If you're looking to monetize your blog, sponsored posts can be a great opportunity.
What is a sponsored post? If a company pays you to write an assessment of their product or service, you're publishing a sponsored post.
By law, you need to disclose that your work is sponsored. Your disclosure can be as simple as identifying "This is a sponsored post" or saying "This post contains affiliate links." Rules may vary depending on the type of company you're working with, and I certainly don't have the legal background to provide you language for all situations. I would recommend you ask the company or speak with an attorney if you have questions. Google can also be a wonderful resource.
Working with companies can get a bit sticky, so you need to learn to protect your interests. On the flip side, it's critical to remain as professional as possible. Here are some keys to keeping the relationship mutually beneficial:
1. Write a great pitch email.
If you're looking to write a sponsored post for a specific company, you can write them a pitch email. (I'll follow up with resources about pitch emails in another post.) Be sure to triple check your message for spelling, consistency, and tone. This is your chance to wow the company and seal the deal!
2. Evaluate company offers wisely.
You might also be approached by a company who is familiar with your website or blog and thinks that your style would mesh well with their product. It's important to consider whether you agree! Do you think a sponsored post of what they have to offer would enhance or detract from your blog and what you're trying to provide your audience? While it can be exciting to get an offer for a paid post, don't sell out. In the long run, the time you've invested in your work is worth more than an irrelevant advertorial.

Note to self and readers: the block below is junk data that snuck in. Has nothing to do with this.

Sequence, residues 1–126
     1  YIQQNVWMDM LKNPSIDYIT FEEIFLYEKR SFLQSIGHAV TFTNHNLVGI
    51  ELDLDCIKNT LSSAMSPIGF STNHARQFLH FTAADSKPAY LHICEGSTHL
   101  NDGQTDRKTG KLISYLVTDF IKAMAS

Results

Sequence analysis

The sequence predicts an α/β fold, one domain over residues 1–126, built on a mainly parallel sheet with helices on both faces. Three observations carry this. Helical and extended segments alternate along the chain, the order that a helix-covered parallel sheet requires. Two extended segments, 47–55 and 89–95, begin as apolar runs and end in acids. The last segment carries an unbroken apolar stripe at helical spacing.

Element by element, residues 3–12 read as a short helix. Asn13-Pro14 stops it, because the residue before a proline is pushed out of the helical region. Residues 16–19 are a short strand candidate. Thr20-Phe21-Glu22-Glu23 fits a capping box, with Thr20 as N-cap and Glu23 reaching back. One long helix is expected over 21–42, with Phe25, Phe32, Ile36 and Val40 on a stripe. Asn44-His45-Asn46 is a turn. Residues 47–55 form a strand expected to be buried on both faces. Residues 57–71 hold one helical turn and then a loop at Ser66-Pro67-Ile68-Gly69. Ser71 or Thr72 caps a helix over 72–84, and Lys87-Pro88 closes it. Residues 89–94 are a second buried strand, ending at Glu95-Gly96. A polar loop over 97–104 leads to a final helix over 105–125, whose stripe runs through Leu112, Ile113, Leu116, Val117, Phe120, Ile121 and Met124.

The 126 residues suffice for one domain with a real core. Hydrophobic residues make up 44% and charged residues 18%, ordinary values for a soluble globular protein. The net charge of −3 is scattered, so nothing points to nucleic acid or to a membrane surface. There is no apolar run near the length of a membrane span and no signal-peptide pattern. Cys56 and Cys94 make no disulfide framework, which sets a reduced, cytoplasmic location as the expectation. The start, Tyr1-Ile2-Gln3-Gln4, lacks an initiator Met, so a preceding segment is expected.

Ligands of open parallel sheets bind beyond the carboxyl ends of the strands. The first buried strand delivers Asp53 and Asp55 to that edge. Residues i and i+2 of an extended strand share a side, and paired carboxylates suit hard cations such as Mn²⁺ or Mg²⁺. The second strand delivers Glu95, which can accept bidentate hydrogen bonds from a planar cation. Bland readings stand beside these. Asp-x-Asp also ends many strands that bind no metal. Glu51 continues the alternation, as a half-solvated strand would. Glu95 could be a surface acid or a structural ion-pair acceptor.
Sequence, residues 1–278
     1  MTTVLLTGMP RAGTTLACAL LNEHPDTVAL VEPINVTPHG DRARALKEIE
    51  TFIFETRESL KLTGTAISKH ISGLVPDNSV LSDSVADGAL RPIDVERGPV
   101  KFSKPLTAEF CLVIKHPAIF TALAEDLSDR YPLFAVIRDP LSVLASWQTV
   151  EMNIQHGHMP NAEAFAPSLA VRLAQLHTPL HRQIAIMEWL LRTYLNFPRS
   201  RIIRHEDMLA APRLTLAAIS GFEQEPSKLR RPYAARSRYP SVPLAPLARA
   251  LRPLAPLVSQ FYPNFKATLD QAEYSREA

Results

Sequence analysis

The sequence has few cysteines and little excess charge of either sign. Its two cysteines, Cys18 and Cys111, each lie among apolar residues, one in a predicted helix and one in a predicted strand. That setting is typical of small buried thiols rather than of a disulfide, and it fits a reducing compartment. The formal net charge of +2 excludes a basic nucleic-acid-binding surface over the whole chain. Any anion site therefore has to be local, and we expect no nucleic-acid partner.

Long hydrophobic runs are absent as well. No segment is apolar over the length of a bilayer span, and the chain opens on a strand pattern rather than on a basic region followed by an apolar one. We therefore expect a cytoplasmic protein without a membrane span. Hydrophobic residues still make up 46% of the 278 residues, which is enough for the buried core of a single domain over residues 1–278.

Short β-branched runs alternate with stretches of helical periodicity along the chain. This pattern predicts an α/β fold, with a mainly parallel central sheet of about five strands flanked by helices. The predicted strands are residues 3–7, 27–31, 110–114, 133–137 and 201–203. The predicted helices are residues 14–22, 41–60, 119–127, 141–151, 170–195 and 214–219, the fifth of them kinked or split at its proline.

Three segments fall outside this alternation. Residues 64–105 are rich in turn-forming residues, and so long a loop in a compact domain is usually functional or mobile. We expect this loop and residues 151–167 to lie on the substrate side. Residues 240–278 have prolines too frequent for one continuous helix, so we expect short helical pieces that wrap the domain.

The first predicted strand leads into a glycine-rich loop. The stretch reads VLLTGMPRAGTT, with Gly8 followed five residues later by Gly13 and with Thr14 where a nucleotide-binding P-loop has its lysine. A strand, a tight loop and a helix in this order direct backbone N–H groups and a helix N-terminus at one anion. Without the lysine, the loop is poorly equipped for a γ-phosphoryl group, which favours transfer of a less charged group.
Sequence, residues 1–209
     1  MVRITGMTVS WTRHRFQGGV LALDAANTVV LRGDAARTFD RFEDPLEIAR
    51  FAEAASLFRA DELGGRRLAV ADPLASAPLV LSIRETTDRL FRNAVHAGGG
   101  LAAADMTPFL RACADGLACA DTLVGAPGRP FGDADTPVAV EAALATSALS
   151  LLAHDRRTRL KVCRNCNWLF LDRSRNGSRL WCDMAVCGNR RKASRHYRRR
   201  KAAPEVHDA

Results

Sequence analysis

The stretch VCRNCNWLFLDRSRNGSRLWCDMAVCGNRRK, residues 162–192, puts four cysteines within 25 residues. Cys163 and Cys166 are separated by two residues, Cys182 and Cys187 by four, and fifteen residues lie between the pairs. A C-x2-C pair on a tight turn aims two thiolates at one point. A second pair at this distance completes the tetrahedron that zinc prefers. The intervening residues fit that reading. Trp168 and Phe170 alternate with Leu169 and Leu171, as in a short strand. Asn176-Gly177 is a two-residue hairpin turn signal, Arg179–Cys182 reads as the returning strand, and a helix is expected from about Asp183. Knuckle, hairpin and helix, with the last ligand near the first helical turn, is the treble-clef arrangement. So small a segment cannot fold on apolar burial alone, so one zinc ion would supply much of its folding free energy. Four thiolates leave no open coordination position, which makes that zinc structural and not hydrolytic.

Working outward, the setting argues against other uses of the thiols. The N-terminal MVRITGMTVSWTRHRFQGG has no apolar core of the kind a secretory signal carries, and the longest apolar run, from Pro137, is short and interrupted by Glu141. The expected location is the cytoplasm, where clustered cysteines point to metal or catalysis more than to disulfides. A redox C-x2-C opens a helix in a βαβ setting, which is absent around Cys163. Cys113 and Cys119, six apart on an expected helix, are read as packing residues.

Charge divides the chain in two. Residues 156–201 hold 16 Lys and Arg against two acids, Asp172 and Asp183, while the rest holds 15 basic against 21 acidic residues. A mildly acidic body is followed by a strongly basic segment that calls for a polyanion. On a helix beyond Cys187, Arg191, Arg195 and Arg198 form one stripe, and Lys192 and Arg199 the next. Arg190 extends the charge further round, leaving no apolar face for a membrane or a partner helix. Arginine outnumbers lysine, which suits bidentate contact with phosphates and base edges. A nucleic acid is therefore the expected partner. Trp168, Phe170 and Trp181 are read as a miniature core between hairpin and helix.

3. Don't sell yourself short.
If you're given the opportunity to set a price for your work, think carefully about what would make the sponsored post worth your time. How long will it take you to write? What research would be involved? Will you need to purchase any of their products to know what you're reviewing? What turnaround time are they looking for, and what other writing projects might you have to set by the wayside to accommodate them?
Of course, your blog's audience is also a critical point of consideration. The better your numbers, the more you can charge.
4. Don't forget about social media.
Your audience on social media definitely should play into your sponsored post rate, as well as what you offer companies you pitch to. Maybe you offer a sponsored post on your blog for $100, and a follow-up with a link to your post on Facebook for $25. This is especially excellent if you have lower blog stats but an amazing following on Instagram. Your brand is your entire reach, from blog to social media channels and beyond. Think strategically. For more on sponsored posts and influencer platforms, check out my review of AdvoWire.
5. Make it count.
Whether you asked for a sponsored post opportunity or one fell into your lap, think of this as more than an opportunity to get paid. Sponsored posts can help you to grow long-lasting relationships with brands, which can prove invaluable down the line in ways you can't fathom today. Even more importantly, having a portfolio of sponsored posts can be significant when you're pitching new companies. You want to be able to showcase what you can do!
Have you ever published a sponsored post? What did you learn that you can share with other readers?